The court considers the seriousness of the charge prima facie involvement of the accused and the possibility of tempering with pieces of evidence, The court finds that it will not be proper to use discretion in favor of the applicant accordingly.

the application for anticipatory bail is dismissed.

The rule is hereby discharged.           

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Written By

Kaulav Roychowdhury

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Delhi High Dismissed the Anticipatory bail due to the nature of gravity of offences committed.

Title: RAKESH KUMAR vs State (GNCTD)

Reserved on: 17.05.2023

Pronounced on: 14.07.2023

+ BAIL APPLN. 1571/2023

CORAM: HON’BLE MR. JUSTICE RAJNISH BHATNAGAR

Introduction

Delhi High Dismissed the anticipatory bail filed under section 438 of CrPC on the grounds of nature of gravity of offence.

Facts of the case

The prosecution’s assertion of the case’s facts is that the complainants are the actual and legal owners of the subject property, which is identified as C-132 (Old Number: C-143) Plot No. 1-2, Amar Colony, Block C, East Gokul Pur, Delhi, and totals 345 square yards of ground.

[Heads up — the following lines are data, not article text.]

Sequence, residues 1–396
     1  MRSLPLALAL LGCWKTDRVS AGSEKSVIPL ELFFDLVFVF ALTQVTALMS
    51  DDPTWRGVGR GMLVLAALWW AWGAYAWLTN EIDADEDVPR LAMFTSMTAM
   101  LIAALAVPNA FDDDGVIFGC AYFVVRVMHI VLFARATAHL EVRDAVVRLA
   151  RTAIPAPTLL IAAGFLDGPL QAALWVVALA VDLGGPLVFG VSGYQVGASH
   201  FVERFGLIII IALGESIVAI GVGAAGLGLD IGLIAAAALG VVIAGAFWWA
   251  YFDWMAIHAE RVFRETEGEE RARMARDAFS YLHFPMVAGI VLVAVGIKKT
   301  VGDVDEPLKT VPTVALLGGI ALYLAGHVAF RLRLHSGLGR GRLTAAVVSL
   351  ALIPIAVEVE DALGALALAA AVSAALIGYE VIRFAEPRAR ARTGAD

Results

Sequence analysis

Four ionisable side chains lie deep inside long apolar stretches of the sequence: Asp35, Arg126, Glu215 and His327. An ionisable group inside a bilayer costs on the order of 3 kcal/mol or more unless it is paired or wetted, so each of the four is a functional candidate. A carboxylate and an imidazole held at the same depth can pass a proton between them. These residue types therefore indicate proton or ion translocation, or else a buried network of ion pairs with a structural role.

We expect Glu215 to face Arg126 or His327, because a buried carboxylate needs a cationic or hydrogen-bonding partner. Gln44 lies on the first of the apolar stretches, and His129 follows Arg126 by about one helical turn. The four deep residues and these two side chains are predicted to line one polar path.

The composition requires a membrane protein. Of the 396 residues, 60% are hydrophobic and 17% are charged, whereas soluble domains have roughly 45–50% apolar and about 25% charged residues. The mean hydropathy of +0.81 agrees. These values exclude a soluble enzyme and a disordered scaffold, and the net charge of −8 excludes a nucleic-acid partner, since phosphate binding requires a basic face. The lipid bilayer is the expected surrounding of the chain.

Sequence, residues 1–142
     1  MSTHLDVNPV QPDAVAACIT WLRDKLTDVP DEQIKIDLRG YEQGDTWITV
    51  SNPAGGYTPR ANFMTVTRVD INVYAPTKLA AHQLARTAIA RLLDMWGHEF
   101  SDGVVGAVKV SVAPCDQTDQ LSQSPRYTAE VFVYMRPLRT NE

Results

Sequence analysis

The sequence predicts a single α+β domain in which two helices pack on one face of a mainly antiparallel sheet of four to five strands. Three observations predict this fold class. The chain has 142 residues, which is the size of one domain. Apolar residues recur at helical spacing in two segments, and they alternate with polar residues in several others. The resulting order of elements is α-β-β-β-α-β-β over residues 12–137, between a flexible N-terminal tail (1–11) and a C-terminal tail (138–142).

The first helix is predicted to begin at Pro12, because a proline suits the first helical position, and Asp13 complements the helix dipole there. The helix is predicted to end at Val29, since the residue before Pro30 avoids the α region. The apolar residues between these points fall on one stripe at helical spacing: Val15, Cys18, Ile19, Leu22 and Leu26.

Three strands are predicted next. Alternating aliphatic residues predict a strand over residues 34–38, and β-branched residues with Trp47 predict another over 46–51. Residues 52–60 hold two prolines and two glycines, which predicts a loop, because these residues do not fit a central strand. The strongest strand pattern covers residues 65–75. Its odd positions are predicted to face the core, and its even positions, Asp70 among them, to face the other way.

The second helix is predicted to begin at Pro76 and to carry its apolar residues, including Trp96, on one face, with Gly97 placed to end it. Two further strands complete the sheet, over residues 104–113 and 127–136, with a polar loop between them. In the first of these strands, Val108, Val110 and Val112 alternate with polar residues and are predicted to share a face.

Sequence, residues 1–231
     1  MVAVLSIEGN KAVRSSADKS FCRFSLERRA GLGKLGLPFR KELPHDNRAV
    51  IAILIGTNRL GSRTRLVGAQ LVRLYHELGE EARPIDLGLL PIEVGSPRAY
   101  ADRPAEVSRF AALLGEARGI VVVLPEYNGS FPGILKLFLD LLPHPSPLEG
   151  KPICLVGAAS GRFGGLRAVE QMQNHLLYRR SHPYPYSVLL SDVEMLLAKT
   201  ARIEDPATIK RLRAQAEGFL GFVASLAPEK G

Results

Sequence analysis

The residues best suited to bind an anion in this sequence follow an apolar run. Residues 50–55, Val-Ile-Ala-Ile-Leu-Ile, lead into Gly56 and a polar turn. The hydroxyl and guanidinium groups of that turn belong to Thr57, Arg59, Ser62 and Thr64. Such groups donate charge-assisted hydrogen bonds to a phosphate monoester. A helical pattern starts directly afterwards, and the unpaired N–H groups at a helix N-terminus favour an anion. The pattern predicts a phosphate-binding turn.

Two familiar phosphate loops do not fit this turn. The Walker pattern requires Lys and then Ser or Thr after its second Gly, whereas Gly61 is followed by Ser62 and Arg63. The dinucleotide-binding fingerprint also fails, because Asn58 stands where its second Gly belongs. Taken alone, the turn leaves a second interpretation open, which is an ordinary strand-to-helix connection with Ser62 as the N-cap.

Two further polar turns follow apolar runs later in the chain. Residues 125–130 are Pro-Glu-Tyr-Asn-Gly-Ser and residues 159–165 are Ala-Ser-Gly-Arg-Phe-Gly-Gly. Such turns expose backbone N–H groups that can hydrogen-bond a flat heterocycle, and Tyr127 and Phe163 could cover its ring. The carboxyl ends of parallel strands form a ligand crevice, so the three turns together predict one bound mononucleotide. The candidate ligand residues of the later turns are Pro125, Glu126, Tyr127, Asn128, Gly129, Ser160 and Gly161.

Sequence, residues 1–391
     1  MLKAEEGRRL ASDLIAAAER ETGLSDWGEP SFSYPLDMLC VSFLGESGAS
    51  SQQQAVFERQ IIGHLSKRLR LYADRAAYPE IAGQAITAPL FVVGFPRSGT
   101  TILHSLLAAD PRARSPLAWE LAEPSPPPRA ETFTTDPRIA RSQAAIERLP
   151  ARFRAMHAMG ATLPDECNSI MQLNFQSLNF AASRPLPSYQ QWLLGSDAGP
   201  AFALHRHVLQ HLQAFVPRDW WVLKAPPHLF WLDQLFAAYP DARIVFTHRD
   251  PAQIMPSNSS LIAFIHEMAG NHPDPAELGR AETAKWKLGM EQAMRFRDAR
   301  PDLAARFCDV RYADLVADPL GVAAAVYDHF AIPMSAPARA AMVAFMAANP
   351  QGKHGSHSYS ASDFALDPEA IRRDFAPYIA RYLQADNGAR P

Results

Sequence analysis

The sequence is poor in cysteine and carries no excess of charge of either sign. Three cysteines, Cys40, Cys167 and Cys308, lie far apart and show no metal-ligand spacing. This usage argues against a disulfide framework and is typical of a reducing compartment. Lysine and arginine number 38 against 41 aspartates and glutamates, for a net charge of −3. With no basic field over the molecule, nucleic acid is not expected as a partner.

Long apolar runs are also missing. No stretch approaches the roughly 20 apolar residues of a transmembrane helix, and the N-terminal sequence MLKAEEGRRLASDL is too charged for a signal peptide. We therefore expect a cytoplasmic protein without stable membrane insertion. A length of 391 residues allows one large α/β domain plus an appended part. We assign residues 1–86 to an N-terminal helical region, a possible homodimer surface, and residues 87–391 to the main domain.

As stated GPA dated 18.09.2019 had been recorded in Register No. 1774, Book No. 4, Volume No. 1 at the Sub Registrar’s Office in Vivek Vihar, New Delhi. It is also said that the complainant, Jai Prakash Pal, is claiming ownership of an additional 105 square yards of the subject property with the parcel number C-132 through his daughter Sarita, who acquired it under a GPA and agreement to sell dated 12.09.2001. According to Register No. 1775, Book No. 4, Volume No. 266 at the office of the Sub Registrar, Vivek Vihar, New Delhi, the GPA in favour of Jai Prakash Pal from his daughter Sarita has also been recorded.